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Microsoft digs into its deep pockets to snatch up Skype

The Wall Street Journal reported earlier tonight that Microsoft was in talks to purchase VoIP company Skype for between $7 billion and $8 billion. Kara Swisher just recently confirmed the acquisition in her BoomTown column, starting that the deal is worth an estimated $8.5 billion. 

Earlier reports stated that Google and Facebook were duking it out to get a piece of Skype, but in the end Steve Ballmer and Microsoft's huge chest of cash put an end to those discussions. The earlier reports also pointed to a Skype valuation of $3 to $4 billion, so Microsoft's $8.5 billion purchase price hopefully will bring a hefty ROI.

For those keeping score, eBay bought Skype in 2005 for $2.5 billion. Four years later, eBay sold a 65% stake in the company for $1.9 billion.

The first beta of Skype was introduced in 2003, and as of December 2010, it had over 663 million registered users. The average number of monthly connected users is much lower, however, at 145 million. And when it comes to users that actually pay for the service, the numbers drop down to just 8.8 million. 

Registered users can make Skype-to-Skype calls and one-to-one video calls for free. Users can make Skype-to-phone calls at a rate of 2.3 cents/minute. Skype also offers subscription plans at a rate of 1.2 cents/minute. 

We'll have to wait a few more hours until we get all the juicy details on Microsoft's latest acquisition, but we're betting that the boys from Redmond plan on tightly integrating Skype with Windows Phone 7 to better compete with Google Voice.

Updated 5/11/2011 @ 8:34am

Well, the news is now official. Microsoft just announced that it is acquiring Skype for $8.5 billion in cash. Microsoft says that Skype will bolster its "existing portfolio of real-time communications products and services."

As expected, Skype will be tightly integrated into the Xbox 360 and Windows Phone 7 platform. Microsoft is also creating a new business division called the Microsoft Skype Division, which will be headed by Skype CEO Tony Bates (he will report directly to Microsoft CEO Steve Ballmer).

“Skype is a phenomenal service that is loved by millions of people around the world,” said Ballmer. “Together we will create the future of real-time communications so people can easily stay connected to family, friends, clients and colleagues anywhere in the world.”

“Microsoft and Skype share the vision of bringing software innovation and products to our customers,” said Bates. “Together, we will be able to accelerate Skype's plans to extend our global community and introduce new ways for everyone to communicate and collaborate.”

You can read the full press release here.



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RE: What the hell.
By robinthakur on 5/10/2011 8:01:05 AM , Rating: 2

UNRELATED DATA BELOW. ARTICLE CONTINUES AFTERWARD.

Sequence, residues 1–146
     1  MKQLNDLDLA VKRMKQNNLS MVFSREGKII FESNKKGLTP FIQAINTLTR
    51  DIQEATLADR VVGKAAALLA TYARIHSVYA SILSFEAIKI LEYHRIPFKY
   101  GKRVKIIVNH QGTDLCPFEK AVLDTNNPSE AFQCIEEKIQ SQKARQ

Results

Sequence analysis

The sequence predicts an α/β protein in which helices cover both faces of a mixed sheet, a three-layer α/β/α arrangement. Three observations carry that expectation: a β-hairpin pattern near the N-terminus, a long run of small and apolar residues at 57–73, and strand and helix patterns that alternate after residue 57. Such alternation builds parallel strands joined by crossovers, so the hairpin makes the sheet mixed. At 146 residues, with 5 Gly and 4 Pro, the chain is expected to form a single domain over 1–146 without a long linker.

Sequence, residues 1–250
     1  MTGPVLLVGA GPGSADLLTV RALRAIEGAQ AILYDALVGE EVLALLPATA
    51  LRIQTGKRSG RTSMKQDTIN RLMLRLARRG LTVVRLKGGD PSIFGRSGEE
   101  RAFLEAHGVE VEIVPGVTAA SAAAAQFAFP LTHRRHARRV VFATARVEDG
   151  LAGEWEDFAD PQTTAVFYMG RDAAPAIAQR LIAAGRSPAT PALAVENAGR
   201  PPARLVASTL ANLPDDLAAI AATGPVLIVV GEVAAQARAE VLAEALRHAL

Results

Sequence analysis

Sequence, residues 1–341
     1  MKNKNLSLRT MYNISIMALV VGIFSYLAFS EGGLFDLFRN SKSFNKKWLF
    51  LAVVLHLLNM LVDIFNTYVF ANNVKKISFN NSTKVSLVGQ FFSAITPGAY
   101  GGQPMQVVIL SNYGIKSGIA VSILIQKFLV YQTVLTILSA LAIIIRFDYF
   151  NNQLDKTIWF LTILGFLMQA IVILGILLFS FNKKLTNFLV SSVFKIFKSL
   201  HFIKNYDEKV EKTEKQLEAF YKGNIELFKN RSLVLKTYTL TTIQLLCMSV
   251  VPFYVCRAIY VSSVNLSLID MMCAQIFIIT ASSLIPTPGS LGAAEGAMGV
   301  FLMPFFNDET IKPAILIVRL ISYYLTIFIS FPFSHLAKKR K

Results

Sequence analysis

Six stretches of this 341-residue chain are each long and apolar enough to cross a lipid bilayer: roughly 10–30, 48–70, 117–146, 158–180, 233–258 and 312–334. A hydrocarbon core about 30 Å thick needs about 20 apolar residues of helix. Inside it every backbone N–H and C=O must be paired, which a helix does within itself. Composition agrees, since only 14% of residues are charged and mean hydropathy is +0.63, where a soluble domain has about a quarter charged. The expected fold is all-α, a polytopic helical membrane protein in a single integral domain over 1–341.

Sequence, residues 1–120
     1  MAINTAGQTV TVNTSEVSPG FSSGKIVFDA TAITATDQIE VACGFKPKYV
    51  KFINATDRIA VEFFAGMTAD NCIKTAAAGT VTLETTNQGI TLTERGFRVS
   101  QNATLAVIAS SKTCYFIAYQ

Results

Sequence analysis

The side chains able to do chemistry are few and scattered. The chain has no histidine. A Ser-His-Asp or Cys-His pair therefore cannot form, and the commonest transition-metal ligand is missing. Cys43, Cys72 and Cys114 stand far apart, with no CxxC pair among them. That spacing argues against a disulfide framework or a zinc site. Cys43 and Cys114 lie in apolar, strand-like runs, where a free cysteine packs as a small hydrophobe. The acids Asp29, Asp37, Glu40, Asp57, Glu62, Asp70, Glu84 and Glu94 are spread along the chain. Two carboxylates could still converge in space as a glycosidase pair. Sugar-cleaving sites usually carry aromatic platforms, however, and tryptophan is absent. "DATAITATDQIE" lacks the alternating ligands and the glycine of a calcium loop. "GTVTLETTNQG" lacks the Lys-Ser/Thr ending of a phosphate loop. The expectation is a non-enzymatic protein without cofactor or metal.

I think that highly technical (and correct) list illustrates nicely why the majority of people can't get it to work...Video calling shouldn't be that complicated in this day and age. Facetime seems to work well enough, hopefully they all come up with a universal standard though. I currently like the fact that I can use skype on my Androids to call my iPhone4 to call my pc etc with video calls over 3G/WiFi. If MS make it all locked down and proprietary then that would be bad.


RE: What the hell.
By StevoLincolnite on 5/10/2011 10:41:45 AM , Rating: 2
The difference with say... Facetime and something like Skype is the video and Audio quality.
Compression, resolution and other such things contribute to how demanding it is to make a video call.

So with that in mind... Video calls via an iPhone or Android device will be far less demanding on the host machine/network than one that is on PC. - Because to put simply a Phones video call function is inferior quality wise because of the limitations in hardware and bandwidth.


RE: What the hell.
By StanO360 on 5/10/2011 11:24:22 AM , Rating: 2
Skype is well within the realm of most pc users. Most just don't do it, or they don't know very many people that want to.

Microsoft can change that, Xbox brings that ability to TV's via 25 million XBL subscribers (or more just through connected XBoxes. Plus, you know a corporate Kinect is not far away. I can easily call a PC, phone or XBox with Skype, I like it.


RE: What the hell.
By Smilin on 5/10/2011 7:23:54 PM , Rating: 2
The corporate "video kinect" already exists in the form of the MS Roundtable. Skype to Lync will bring them together.

This is good news for the consumer and Skype customers.


RE: What the hell.
By Smilin on 5/10/2011 7:26:32 PM , Rating: 2
Actually Skype is already pretty locked down. I believe they'll license their proprietary codec but I haven't heard of an API.

MS on the other hand uses industry standards, follows RFCs, and has great APIs.

I expect getting skype "open" will be an early priority...with MS other products first in line to take advantage.


"You can bet that Sony built a long-term business plan about being successful in Japan and that business plan is crumbling." -- Peter Moore, 24 hours before his Microsoft resignation











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